luxury

From egg shells to tiny sculptures: Exquisite watches at Baselworld 2016

Updated 22nd March 2016
View gallery
11 Pictures
metiers baselworld hermes
From egg shells to tiny sculptures: Exquisite watches at Baselworld 2016
Written by Josh Sims, CNN
This is part of a series dedicated to Baselworld 2016. Josh Sims is a freelance writer, watch expert and author of "Icons of Style."
Look closely at the dial of a new limited edition Arceau Tigre watch from Hermès and the artistry of the techniques used might not, at first, be apparent.
Yet this is the product of many weeks of work by OIivier Vaucher, one of the few enamel artists capable of working in this detail on this scale. Indeed, this particular technique -- émail ombrant, or shaded enamel -- has never been used on a watch before.

What is shaded enamel?

The motif is negative-carved in a mold, into which biscuit porcelain is poured to form the work itself. The trick here is for the craftsman to imagine the effect of those variations in the thickness of the porcelain to create the right nuances.
By accumulating in the deeper areas, the material becomes denser and darker -- so less light can pass through it -- while the most raised zones are hardly covered at all and so remain light in color. The result gives a shadowy effect, the image only fully revealed in direct light, hence the method's name.
Hermès' Arceau Tigre is the first watch to use the shaded enamel technique.
Hermès' Arceau Tigre is the first watch to use the shaded enamel technique. Credit: courtesy Hermès
"The cavities and raised areas are fashioned exclusively according to the light they will catch or reflect, which is why an email ombrant engraving is revealed only when it is finally captured in enamel," says Vaucher of the piece comprising black enamel over an engraved white gold base.
"Engraving gold is of course an art, enamel as well. But the most difficult element in this new technique is that you never know if what you have engraved is correct and how it will look after enameling."

Watches as art

Indeed, such complex hand work is increasingly found on watches at the top of the market.
Called the metiers d'art, such decorative techniques as engraving, lacquering, gold cloisonne, filigree work and enameling -- of which alone there are several varieties, champleve, plique-a-jour and grisaille among them -- are making the watches they appear on as much art pieces as time pieces.
"It's the one aspect of watchmaking that can't be industrialized; it emphasizes the human touch," argues Edouard Meylan, CEO of H. Moser. The brand has just launched its Heritage piece, with a pocket watch-style case, unusually, enameled on the curve.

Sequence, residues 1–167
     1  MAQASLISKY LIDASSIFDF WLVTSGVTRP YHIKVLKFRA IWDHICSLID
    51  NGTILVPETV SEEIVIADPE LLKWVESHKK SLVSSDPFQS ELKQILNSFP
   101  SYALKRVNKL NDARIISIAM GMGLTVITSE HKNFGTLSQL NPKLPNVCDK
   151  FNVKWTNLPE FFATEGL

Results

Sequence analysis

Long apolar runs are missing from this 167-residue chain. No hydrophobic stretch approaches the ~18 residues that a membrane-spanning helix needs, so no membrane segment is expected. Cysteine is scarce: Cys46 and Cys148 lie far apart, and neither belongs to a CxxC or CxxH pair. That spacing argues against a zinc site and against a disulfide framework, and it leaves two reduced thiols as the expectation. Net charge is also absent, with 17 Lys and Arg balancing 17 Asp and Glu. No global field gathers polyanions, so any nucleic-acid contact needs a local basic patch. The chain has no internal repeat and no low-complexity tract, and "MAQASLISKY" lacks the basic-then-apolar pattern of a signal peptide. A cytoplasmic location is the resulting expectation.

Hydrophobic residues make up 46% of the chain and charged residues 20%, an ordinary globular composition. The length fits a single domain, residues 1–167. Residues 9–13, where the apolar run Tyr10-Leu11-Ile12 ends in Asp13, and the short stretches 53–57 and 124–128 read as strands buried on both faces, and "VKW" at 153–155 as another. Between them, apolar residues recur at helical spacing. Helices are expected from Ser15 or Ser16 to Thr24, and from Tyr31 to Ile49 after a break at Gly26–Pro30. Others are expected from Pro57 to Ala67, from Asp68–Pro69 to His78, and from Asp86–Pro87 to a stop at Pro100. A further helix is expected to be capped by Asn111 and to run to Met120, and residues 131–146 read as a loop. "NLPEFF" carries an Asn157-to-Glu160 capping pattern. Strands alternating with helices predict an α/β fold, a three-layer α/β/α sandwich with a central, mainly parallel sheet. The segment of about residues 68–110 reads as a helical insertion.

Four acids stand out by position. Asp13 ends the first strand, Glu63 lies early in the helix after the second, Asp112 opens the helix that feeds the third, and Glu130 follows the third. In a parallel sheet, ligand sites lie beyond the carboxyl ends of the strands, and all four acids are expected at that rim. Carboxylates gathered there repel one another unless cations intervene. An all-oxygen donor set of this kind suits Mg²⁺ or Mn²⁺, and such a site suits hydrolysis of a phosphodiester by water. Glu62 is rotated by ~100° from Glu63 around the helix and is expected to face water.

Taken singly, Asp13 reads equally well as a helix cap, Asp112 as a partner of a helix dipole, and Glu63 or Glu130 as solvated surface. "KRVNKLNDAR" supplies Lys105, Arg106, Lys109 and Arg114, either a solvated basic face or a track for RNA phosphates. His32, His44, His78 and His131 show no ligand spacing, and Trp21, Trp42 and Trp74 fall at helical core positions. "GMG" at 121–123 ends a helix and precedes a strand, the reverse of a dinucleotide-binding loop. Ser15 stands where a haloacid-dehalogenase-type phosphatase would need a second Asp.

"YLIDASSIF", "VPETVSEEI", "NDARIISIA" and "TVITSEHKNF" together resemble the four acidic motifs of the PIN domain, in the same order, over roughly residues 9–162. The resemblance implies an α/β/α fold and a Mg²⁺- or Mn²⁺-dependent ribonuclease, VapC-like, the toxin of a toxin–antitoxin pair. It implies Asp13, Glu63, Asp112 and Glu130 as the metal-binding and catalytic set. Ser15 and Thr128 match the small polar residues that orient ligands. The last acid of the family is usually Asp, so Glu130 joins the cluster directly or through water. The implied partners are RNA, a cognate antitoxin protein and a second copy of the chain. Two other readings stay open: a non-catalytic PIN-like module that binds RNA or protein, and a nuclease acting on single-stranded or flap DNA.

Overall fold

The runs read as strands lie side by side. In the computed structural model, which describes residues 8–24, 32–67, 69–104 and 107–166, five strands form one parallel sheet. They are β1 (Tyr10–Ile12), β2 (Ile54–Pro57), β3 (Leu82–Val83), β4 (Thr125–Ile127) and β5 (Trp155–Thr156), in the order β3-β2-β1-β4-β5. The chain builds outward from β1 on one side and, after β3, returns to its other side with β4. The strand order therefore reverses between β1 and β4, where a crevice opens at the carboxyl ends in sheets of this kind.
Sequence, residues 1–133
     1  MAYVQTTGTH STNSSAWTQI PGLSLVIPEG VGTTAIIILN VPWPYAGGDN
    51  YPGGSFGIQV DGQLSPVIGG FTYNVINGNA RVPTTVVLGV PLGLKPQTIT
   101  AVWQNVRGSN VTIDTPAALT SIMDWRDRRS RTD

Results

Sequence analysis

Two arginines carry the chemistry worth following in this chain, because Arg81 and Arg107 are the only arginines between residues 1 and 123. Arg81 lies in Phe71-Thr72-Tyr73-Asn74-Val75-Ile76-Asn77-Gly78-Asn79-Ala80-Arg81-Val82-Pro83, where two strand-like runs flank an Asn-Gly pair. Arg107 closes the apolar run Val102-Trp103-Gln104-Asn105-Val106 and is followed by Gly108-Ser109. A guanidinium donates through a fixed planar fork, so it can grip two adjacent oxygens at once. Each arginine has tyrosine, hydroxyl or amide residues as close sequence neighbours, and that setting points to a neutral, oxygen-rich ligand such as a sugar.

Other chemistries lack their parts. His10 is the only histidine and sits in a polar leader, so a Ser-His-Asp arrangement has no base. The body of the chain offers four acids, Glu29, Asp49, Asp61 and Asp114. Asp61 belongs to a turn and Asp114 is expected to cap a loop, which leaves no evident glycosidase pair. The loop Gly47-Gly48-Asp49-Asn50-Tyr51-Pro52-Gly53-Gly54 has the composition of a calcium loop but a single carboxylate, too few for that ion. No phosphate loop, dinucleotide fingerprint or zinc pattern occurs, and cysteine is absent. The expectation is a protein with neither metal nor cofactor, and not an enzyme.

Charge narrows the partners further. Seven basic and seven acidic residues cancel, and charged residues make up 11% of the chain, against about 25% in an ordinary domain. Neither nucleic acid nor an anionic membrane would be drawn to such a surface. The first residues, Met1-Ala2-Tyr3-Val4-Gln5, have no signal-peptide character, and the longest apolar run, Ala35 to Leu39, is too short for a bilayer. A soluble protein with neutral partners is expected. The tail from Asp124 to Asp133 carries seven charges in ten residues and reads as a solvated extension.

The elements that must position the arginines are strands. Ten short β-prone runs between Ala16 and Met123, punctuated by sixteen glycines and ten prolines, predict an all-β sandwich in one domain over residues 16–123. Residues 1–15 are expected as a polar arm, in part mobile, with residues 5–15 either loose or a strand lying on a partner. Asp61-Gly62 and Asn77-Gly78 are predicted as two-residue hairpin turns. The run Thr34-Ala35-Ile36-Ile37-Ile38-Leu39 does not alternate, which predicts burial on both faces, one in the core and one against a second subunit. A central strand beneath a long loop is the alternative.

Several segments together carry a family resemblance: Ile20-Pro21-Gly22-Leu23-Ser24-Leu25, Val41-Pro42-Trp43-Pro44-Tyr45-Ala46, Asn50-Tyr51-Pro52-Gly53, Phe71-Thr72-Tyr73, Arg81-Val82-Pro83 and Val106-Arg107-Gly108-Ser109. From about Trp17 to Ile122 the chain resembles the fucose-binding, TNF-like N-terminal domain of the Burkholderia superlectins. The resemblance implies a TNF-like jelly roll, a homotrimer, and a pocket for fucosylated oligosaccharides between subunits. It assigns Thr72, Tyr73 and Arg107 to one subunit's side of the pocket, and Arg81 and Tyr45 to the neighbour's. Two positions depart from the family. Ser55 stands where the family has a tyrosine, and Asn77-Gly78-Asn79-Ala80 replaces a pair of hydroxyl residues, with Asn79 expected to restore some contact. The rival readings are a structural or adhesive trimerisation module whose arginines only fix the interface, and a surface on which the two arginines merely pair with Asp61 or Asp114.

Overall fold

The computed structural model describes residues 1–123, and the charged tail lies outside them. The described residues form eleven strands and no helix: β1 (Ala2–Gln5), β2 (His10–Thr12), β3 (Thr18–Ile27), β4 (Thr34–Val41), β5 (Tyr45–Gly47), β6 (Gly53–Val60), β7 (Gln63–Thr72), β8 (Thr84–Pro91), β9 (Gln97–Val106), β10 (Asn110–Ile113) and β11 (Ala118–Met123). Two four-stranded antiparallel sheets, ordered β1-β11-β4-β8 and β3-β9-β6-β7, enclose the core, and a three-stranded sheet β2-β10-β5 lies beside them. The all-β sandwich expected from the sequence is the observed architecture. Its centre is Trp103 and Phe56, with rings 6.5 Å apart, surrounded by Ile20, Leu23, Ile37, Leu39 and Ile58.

H. Moser has just launched its Heritage piece.
H. Moser has just launched its Heritage piece. Credit: courtesy H. Moser
"The metiers d'art are traditional, but that's what gives a watch long-term value."
The Heritage is in a limited edition of 10 -- but such is the craftwork required of the more extreme metiers d'art that very few are not limited editions.
This is all the more the case given the industry's hunt for increasingly esoteric arts to employ -- reinventing long-lost ones, even inventing new ones.

From egg shells to tiny sculptures

Jaquet Droz, for instance, has its Petite Heure Minute Marquetry, in which the mosaic dial is made from hundreds of tiny pieces of quails egg shells.
Blancpain's Bonsai or The Great Wave uses silver obsidian for the first time on a base of Shakudo, an ancient Japanese alloy given a unique patina by immersion in a bath of rokusho salts. Chopard's The Happy Fish uses fleurisanne engraving to create motifs in high relief. Lebeau-Courally's Baron employs the Liege Tapestry silver engraving technique more commonly used to decorate shotguns.
Roger Dubuis' Knights of the Round Table reveals a warrior sat at each of the indices.
Roger Dubuis' Knights of the Round Table reveals a warrior sat at each of the indices. Credit: courtesy Roger Dubuis
Similarly, recent years have seen Cartier revive granulation, an art form that peaked around 800BC with the Etruscans, while Roger Dubuis' Knights of the Round Table dial reveals a legendary warrior sat at each of the indices, each 6.5mm tall and sculpted in bronze under a microscope.
In the world of metiers d'art, anything goes. But, stresses Manuel Emch, CEO of Romaine Jerome, such decorative arts need not always look backwards -- his brand's latest watches use miniature painting on a lava stone dial, tattooed straps and employ enameling to create video game characters.

Younger customers want modern ideas

A lava stone dial and tattooed straps are examples of modern designs from Romaine Jerome.
A lava stone dial and tattooed straps are examples of modern designs from Romaine Jerome. Credit: courtesy Romain Jerome
"Interest in metiers d'art has grown strongly over recent years in line with interest in all things crafted and more individualistic," he says.
"It's a natural evolution for the watch too. Since we have all these devices giving us the time, the watch is becoming more of a decorative piece. Besides, movement development is so time and investment-intensive that to make the mechanically unique is rarely possible in the way it is with metiers d'art.
"But that doesn't mean they can't be given contemporary expression. Younger customers are less attracted to traditional methodologies. They want modern ideas."